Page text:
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. Last Updated: 07/27/2016

When Paris Is Beyond the Long Arm of Law




When prosecutors came for Kremlin-connected tycoon Boris Berezovsky, Berezovsky was in Paris. When they came for his banking colleague Alexander Smolensky, Smolensky was in Vienna. When they opened a criminal case against Siberian metals mogul Anatoly Bykov, Bykov was reportedly in Acapulco, Mexico.


And that was just this week's installment of elite hide-and-seek.


In President Boris Yeltsin's Russia, when the law closes in on the powerful, the powerful always - always - seem to wriggle free. Prosecutors and police put up a half-hearted show of struggle, but somehow it all ends with the Berezovskys and Bykovs relaxing abroad, pleading their innocence, crying political persecution and promising to return to clear their name.


Berezovsky in particular must have felt safe Friday after Interior Minister Sergei Stepashin, the nation's top police officer, announced he "did not intend to arrest Berezovsky" - even though the prosecutor general had issued a warrant for such an arrest.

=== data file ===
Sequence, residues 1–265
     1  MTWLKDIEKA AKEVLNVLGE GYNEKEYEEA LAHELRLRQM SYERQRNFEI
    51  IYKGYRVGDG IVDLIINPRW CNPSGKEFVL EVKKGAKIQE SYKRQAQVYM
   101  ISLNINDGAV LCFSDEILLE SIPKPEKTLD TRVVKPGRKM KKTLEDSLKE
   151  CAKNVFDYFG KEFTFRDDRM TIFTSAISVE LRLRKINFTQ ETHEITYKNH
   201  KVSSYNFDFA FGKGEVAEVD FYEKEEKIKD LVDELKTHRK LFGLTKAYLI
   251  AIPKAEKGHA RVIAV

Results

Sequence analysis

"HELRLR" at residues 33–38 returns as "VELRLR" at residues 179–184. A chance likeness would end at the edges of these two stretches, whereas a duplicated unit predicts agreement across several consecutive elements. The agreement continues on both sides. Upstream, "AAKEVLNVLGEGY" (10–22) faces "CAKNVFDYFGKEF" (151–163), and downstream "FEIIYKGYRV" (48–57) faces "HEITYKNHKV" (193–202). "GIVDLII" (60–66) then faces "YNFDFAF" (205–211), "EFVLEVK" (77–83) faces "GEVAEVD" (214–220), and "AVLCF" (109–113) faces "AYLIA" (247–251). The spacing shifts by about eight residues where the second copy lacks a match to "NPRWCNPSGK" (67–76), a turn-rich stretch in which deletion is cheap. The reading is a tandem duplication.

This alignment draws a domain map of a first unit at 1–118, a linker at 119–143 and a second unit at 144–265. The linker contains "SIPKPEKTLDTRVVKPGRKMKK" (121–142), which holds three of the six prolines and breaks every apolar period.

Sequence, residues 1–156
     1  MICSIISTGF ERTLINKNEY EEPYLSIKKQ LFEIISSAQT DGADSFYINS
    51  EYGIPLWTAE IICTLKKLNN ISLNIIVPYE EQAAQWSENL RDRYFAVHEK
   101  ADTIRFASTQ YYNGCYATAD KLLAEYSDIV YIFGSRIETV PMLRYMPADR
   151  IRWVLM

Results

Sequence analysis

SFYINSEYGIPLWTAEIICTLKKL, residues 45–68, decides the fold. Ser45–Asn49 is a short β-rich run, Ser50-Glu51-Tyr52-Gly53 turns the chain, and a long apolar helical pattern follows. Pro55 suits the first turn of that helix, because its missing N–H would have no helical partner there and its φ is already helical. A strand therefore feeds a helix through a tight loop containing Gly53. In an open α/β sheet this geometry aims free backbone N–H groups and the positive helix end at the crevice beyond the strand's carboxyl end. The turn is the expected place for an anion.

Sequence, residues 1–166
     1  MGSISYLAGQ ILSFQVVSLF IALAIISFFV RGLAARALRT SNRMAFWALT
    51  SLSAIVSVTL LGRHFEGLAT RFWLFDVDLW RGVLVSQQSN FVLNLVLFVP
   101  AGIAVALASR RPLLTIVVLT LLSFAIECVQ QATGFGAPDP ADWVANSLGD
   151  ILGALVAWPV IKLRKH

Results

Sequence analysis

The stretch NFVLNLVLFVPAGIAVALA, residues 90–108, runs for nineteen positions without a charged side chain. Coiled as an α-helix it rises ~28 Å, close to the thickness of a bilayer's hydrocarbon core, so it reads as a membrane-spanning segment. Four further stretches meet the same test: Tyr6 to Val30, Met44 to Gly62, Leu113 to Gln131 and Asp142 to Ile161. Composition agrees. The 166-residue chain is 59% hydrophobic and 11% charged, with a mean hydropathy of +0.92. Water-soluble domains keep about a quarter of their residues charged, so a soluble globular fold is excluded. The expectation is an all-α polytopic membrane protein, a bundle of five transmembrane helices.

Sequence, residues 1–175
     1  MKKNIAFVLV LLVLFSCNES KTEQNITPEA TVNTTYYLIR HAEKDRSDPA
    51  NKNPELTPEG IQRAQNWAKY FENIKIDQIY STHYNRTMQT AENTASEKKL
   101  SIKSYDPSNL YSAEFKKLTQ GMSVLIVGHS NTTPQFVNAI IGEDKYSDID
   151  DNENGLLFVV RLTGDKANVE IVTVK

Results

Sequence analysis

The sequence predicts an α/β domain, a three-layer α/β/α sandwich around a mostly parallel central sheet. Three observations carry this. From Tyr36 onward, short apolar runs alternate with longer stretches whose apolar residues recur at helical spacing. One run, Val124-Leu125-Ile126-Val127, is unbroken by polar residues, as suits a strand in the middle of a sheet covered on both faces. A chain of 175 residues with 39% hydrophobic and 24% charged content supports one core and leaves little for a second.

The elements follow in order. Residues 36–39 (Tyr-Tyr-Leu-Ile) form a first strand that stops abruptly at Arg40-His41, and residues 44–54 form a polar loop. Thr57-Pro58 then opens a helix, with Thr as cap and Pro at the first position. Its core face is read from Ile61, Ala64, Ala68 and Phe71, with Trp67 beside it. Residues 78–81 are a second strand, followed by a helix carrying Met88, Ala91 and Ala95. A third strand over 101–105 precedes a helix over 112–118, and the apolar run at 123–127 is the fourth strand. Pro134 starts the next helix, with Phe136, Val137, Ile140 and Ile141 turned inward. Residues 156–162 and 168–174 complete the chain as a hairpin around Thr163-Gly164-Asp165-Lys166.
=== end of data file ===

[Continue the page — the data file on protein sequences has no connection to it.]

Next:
"Berezovsky will arrive in Russia [on his own], present his explanations and this, I hope, will be the end of the matter," Stepashin was quoted as saying by news agencies.


Strange words from a national law enforcement officer? Not here. When it comes to charges against the Russian political elite, just about everyone seems to hope that a few "explanations" will quickly "be the end of the matter."


This, after all, is the nation where former Vice President Alexander Rutskoi in 1993 tried to call for aviation strikes against the Kremlin itself - yet ended up amnestied in a matter of days, and governor of the Kursk region a few years later. Rutskoi once famously spoke of having about a dozen suitcases filled with evidence of Kremlin corruption; that was more than five years ago, yet those suitcases remain closed.


Some politics watchers see a gentlemen's agreement among the elite, one that allows the "loser" in a political battle to keep his wealth and his freedom - in return for his silence, and for similar consideration, should the tables ever turn.